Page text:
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Distell workers down tools and picket

About 50 Distell workers stopped work and picketed outside the Adam Tas production site in Stellenbosch on Monday morning and [continued striking on Tuesday]. They are demanding that Distell give their union of choice, Solidarity, recognition and bargaining rights.
Some Distell workers in Stellenbosch picketed on Monday demanding that the company recognise their union Solidarity. Distell says membership numbers are too low for recognition. Photo: Liezl Human via GroundUp
Some Distell workers in Stellenbosch picketed on Monday demanding that the company recognise their union Solidarity. Distell says membership numbers are too low for recognition. Photo: Liezl Human via GroundUp

The striking workers included warehouse workers, machine operators, order pickers, and cellar staff, among others. Distell is South Africa’s largest alcohol producer, with brands such as Klipdrift, Savanna, J.C Le Roux, and Hunters. The company is currently merging with international giant Heineken.

Shop steward Cederik Arendse said that about 187 workers have decided to join Solidarity but Distell is refusing to recognise the union and give it access to the workplace. Solidarity is the largest union at the Adam Tas site, he said.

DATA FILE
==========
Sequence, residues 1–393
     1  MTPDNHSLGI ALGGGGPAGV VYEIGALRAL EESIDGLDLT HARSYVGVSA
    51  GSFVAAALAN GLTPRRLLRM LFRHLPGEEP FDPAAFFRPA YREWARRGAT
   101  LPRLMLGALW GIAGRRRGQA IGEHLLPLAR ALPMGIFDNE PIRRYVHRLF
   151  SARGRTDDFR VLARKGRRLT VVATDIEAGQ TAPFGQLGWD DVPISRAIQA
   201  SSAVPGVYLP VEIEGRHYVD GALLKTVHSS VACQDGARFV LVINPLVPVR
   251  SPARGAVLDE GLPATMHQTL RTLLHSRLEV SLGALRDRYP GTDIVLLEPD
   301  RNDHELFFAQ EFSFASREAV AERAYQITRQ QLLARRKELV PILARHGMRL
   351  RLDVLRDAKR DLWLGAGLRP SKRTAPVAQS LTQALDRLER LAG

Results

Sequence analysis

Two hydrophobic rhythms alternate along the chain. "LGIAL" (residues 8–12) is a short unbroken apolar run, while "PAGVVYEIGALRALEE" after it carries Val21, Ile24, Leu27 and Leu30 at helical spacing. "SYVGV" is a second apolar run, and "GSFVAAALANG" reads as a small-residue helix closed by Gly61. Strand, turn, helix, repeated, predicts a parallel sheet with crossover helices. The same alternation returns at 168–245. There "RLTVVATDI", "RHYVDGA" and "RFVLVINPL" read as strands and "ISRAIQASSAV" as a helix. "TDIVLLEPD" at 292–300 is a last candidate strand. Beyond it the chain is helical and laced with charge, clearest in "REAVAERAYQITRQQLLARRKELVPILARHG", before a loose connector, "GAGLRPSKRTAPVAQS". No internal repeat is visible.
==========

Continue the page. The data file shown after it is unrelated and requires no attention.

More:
Distell spokesperson Dennis Matsane said to GroundUp, “While we respect the union’s right to strike, we do not believe the strike is warranted nor does it have merit”. He said bargaining rights are awarded to unions with a minimum of 20% member representation at the national level.

Solidarity took the matter to the Commission for Conciliation, Mediation and Arbitration (CCMA) last year. The CCMA recommended that Solidarity reach the level of 20% membership at national level at Distell in order to get bargaining rights.

Matsane said that 120 Distell workers were members of Solidarity, of whom 105 worked at Adam Tas. Nationally, Distell has a total of about 3,700 workers and at Adam Tas there are about 640 workers, but these numbers do fluctuate, he said.

Arendse said many workers are still cautious about joining Solidarity because it has not been recognised by Distell. He said that the two other unions in the workplace - the Food and Allied Workers Union and The National Union of Food, Beverage, Wine, Spirit and Allied Workers - were not helping workers enough during bargaining and did not consult workers before concluding negotiations.

“We want the union of our choice,” said worker Belinda Appollis. “We want a union who will fight for our rights.” Appollis said that some members of Solidarity weren’t striking because they were afraid of losing their bonuses. The striking workers intend to stay away from work until Distell gives in to their demands.

Matsane said Distell would “continue to engage the union with the hope of finding common ground”.

Published originally on GroundUp.
© 2023 GroundUp. This article is licensed under a Creative Commons Attribution-NoDerivatives 4.0 International License.


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